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Claudia Krysztofiak  Identity Verified
Germany
Local time: 15:47
English to German
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Processing processes and proceeding to procedures Oct 25, 2006

Riccardo Schiaffino wrote:

I find it interesting that you talk of the "complete translation process" (singular), while I (for example) mention "translation processes" (plural).

...

i.e., start to think about the process of translation from outside.


Seems you are talking about "the process" as well.

What always helped me to get a better understanding of the process(es) of translation was the question: What do we translate? Words, terms, sentences, or what? I found this a very useful question to start with. It gave rise to other very useful discussions.

By the way - the answer we arrived at was not "words".


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Riccardo Schiaffino  Identity Verified
United States
Local time: 07:47
Member (2003)
English to Italian
+ ...
TOPIC STARTER
Words, terms, sentences, etc. Oct 25, 2006



What always helped me to get a better understanding of the process(es) of translation was the question: What do we translate? Words, terms, sentences, or what? I found this a very useful question to start with. It gave rise to other very useful discussions.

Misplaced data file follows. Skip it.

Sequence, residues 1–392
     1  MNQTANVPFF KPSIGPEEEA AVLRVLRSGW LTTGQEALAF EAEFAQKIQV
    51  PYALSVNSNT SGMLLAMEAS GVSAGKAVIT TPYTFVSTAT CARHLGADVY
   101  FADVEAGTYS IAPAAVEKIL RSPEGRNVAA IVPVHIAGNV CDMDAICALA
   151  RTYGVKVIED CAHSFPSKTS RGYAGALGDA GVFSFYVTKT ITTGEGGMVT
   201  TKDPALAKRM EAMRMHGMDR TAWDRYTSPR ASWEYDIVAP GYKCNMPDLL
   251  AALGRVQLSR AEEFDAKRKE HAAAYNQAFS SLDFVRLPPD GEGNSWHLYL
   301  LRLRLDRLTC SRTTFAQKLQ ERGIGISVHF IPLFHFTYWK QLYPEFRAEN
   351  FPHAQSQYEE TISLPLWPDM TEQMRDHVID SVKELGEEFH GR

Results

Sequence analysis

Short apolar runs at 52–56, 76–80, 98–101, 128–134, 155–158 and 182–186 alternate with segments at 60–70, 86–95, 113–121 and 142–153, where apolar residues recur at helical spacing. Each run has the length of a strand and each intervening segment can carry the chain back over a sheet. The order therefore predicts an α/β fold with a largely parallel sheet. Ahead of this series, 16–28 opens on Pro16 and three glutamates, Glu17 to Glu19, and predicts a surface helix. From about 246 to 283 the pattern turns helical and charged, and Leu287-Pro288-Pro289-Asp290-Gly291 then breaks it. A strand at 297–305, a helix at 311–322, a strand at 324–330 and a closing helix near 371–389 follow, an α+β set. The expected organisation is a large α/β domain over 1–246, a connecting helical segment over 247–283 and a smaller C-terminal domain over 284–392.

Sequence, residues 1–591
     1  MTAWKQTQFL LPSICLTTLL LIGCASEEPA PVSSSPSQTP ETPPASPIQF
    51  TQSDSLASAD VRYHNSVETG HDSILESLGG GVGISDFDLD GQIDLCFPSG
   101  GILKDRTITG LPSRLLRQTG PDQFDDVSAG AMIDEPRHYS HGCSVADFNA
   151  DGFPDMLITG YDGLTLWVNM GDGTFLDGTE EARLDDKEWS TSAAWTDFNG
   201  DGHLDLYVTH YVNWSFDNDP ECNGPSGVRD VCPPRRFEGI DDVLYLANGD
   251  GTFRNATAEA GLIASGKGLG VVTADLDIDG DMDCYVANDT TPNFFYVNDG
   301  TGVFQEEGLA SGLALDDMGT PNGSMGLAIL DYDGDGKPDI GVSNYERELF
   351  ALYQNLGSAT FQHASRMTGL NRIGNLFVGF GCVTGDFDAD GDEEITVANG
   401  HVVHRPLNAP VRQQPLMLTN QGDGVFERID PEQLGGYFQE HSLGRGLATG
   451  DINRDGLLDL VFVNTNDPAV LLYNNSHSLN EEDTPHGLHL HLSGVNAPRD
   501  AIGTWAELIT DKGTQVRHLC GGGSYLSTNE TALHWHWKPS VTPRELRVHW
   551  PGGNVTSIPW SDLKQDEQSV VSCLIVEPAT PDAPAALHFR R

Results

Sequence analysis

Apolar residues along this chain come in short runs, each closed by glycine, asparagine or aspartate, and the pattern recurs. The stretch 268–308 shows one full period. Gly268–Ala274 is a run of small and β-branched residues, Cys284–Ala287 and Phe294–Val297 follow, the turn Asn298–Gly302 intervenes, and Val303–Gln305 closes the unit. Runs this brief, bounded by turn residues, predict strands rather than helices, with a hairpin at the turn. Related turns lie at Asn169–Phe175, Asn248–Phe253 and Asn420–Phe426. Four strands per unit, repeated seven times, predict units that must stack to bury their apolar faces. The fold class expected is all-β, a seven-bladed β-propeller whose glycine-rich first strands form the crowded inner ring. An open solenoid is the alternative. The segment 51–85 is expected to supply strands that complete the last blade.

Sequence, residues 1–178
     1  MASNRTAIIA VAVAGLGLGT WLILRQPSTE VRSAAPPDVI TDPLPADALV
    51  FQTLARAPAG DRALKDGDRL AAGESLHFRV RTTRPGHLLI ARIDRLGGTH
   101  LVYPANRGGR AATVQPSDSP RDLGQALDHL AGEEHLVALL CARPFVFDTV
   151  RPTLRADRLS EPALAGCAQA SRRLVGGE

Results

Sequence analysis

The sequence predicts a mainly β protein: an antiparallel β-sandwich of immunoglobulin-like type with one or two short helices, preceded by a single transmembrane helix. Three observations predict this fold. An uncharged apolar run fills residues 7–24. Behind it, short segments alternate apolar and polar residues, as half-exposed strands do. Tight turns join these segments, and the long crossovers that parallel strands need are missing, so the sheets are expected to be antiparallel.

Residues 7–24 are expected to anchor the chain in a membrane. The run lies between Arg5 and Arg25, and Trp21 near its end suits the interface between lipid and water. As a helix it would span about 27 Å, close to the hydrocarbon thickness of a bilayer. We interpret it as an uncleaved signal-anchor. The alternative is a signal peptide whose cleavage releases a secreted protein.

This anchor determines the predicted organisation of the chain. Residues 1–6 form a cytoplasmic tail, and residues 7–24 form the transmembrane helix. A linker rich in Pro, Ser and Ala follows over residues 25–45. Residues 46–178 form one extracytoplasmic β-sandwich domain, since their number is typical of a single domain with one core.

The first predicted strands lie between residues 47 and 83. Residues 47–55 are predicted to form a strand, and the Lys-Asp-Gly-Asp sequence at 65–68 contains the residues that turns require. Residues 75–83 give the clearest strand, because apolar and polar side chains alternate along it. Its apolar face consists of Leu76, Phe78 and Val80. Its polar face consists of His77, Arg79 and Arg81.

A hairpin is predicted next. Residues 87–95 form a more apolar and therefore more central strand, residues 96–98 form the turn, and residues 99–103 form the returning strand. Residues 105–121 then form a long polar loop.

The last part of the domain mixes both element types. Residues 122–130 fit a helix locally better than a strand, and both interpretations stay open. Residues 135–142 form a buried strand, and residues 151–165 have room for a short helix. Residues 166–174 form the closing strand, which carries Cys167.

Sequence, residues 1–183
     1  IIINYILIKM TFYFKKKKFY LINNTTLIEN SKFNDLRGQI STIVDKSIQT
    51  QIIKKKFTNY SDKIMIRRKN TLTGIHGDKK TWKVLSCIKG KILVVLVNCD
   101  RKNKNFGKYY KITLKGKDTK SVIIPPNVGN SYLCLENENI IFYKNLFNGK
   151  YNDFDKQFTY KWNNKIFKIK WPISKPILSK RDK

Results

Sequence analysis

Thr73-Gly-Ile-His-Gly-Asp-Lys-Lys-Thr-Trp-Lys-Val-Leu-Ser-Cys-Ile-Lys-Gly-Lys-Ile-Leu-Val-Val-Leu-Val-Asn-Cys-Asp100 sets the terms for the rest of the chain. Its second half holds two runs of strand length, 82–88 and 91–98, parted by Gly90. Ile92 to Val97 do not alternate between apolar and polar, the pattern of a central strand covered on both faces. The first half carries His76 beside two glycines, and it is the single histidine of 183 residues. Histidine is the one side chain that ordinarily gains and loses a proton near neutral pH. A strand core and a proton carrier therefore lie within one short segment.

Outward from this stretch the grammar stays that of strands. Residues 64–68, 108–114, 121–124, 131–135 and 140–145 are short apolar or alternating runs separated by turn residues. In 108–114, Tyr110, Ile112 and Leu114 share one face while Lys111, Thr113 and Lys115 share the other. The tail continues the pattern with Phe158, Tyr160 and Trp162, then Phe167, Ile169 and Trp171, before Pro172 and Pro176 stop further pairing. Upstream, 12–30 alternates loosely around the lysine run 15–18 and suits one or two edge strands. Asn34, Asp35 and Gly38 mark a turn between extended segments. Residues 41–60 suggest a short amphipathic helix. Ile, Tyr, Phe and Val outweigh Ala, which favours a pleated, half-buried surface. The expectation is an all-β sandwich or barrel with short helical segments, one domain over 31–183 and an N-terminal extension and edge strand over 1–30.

By the way - the answer we arrived at was not "words".


There is a very intereseting overview of how the pendulum has swung back and forth between "literal translation", "free translation", etc. in the Andrew Chesterman's "Memes of Translation".

I agree that the answer is not "words" (although words are the roots of so many of our problems and excuses, from "but I found that word in the dictionary" to "what's so difficult about translation: you just have to put Italian words instead of the English ones").


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Foundations of Translation - Notes from Lesson 4